NASHVILLE, Tenn. (BP) -- The danger of the scientific tail wagging the theological dog is real, a Southern Baptist seminary professor wrote in an ongoing debate with evolutionary creationists at The BioLogos Foundation.
|'Are we to start with a scientific conclusion and then look for biblical sanction?' -- Kenneth Keathley |
"Can one start with the Scriptures and arrive at anything resembling theistic evolution? Are we to start with a scientific conclusion and then look for biblical sanction?" Kenneth Keathley, theology professor at Southeastern Baptist Theological Seminary, wrote.
"I don't think most scientists would want to do science the way evolutionary creationists seem to be asking theologians to do theology," Keathley, who also serves as SEBTS senior vice president for academic administration, noted.
Keathley's essay, "Expressing Our Concerns," is part of a series titled "Southern Baptist Voices," which also includes essays from six other Southern Baptist seminary professors as well as responses to each from BioLogos representatives, posted at BioLogos.org.
In addition to Keathley's introductory essay, William Dembski, research professor of philosophy at Southwestern Baptist Theological Seminary, has written, "Is Darwinism Theologically Neutral?" Others will be posted roughly every four weeks throughout the summer.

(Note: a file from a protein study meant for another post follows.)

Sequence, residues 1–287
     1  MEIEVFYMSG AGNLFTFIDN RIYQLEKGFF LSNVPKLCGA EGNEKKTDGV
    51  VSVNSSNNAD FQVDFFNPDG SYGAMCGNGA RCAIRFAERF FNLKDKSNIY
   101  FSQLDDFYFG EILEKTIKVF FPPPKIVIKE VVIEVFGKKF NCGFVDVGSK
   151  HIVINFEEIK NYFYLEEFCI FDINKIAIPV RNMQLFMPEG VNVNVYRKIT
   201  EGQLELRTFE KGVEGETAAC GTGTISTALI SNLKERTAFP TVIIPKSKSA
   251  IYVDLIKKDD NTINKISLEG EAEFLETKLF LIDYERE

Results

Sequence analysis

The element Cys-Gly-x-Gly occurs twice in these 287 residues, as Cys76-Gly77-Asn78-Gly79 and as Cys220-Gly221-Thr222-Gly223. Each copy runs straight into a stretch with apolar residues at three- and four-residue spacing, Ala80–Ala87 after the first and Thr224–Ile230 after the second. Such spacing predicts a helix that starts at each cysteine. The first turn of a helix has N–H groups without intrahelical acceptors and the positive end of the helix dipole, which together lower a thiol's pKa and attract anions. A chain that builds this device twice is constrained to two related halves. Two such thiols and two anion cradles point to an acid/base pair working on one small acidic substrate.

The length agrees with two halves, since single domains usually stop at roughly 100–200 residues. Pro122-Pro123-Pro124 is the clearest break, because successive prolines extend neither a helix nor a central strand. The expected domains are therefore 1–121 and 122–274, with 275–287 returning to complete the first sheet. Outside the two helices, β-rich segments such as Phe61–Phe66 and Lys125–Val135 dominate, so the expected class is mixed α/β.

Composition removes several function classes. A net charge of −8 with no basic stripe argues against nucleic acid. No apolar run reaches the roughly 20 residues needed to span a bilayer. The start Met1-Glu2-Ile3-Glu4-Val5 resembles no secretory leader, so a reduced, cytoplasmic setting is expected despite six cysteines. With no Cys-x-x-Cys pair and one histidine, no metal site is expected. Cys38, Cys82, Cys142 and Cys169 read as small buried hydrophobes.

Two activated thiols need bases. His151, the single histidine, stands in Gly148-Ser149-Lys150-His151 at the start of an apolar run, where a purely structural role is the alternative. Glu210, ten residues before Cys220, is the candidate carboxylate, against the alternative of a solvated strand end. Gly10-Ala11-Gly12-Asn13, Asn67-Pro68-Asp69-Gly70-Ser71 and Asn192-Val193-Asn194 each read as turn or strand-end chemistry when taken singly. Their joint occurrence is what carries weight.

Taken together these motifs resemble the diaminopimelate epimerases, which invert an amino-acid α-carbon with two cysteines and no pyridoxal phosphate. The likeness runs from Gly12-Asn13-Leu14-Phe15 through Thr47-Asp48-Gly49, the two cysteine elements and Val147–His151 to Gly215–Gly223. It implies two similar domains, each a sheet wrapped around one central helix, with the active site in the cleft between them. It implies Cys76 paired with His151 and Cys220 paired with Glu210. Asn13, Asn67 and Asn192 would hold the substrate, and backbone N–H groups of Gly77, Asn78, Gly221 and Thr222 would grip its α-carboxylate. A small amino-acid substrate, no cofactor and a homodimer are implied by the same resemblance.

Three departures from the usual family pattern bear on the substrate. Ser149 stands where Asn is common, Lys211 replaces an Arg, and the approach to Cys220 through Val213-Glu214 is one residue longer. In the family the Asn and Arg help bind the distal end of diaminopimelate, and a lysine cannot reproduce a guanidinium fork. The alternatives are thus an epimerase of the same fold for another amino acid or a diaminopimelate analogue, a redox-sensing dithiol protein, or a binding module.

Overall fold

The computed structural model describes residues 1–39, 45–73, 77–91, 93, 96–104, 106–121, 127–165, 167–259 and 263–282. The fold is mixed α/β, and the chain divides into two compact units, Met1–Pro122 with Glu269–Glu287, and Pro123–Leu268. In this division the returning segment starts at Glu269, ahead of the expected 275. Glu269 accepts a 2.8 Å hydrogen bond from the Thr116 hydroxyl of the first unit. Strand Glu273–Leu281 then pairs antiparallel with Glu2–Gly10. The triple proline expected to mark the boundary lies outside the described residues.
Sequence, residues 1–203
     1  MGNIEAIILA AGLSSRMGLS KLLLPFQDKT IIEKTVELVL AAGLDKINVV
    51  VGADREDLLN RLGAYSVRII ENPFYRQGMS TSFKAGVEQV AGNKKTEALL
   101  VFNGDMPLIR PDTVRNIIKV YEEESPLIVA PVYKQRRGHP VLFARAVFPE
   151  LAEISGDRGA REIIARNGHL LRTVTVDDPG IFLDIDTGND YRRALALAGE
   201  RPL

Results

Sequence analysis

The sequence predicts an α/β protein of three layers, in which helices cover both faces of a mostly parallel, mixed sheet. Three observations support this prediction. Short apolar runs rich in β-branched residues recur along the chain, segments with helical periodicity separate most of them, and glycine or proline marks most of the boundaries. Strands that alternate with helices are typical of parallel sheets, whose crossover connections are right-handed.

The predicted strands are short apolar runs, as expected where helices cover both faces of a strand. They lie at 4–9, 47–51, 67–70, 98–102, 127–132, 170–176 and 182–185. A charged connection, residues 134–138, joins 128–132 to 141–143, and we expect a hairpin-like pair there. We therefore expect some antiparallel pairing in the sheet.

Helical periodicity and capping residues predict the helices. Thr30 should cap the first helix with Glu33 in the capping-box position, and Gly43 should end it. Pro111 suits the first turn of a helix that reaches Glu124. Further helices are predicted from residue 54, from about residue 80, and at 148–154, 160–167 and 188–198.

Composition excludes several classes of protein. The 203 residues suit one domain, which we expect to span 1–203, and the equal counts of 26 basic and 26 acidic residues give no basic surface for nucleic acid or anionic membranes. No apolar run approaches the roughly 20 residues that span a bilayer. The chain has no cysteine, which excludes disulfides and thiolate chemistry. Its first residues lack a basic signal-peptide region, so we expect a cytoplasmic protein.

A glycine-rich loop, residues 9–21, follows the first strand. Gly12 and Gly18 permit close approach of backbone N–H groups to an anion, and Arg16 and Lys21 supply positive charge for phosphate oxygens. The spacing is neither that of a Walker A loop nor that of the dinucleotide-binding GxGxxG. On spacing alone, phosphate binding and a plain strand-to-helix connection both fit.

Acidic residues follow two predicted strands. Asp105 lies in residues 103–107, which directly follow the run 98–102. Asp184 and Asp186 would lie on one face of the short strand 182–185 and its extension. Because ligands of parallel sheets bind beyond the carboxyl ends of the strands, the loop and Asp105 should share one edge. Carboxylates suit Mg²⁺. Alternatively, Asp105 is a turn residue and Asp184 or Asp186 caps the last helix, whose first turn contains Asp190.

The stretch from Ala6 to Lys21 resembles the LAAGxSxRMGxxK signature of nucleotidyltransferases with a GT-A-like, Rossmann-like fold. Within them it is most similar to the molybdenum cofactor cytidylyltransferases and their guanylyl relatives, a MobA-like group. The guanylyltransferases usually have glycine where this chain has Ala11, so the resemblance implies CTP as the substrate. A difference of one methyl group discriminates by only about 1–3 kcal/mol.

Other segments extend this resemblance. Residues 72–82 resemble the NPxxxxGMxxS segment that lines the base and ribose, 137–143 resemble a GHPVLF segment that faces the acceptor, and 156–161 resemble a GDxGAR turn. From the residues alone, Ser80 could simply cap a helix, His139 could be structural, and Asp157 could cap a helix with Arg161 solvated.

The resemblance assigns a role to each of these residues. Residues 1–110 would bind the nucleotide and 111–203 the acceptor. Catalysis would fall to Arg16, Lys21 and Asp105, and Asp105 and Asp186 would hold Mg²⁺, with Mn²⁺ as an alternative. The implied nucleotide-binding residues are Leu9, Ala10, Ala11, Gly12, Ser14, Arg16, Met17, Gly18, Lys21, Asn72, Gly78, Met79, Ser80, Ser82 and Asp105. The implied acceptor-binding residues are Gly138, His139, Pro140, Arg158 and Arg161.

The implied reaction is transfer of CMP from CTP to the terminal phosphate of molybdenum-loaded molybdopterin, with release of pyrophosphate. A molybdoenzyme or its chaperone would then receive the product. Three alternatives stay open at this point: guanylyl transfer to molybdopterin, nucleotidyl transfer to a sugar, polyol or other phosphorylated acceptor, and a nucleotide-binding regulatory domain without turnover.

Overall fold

The series emerged as an effort to "engage in charitable dialogue" as a result of discussions between Keathley and Darrel Falk, president of The BioLogos Foundation.
In comments to Baptist Press, Mark Sprinkle, a senior fellow at BioLogos, said it's crucial that such conversations happen not just in academic circles but in the broader church.
BioLogos, according to its website, "believes that evolution, properly understood, best describes God's work of creation."
"Science, as it turns out, does not overthrow the Bible. And faith, as it turns out, does not require a rejection of science," BioLogos says. Concerns about the theological method used by evolutionary creationists were among those Keathley cited in his essay.
"One gets the impression at times that evolutionary creationism is a theory in search of theological justification," Keathley wrote. "It's easy to see why believing scientists who hold to evolution would want to find ways that evolution could be compatible with orthodox Christian doctrine. However, theologically speaking, the danger of the tail wagging the dog is very real."
Keathley added that certain evolutionary creationists "ask us to accept more and more fanciful interpretations of Genesis," though "the textual skin of Genesis 1-3 does not readily fit over an evolutionary drum."
"The BioLogos community has yet to convince Southern Baptist scholars that they are correctly handling the Genesis accounts," Keathley wrote.
Other matters that remain unresolved are the connection between natural history and salvation history, the status of Adam and Eve, and the problem of evil, Keathley wrote. Read More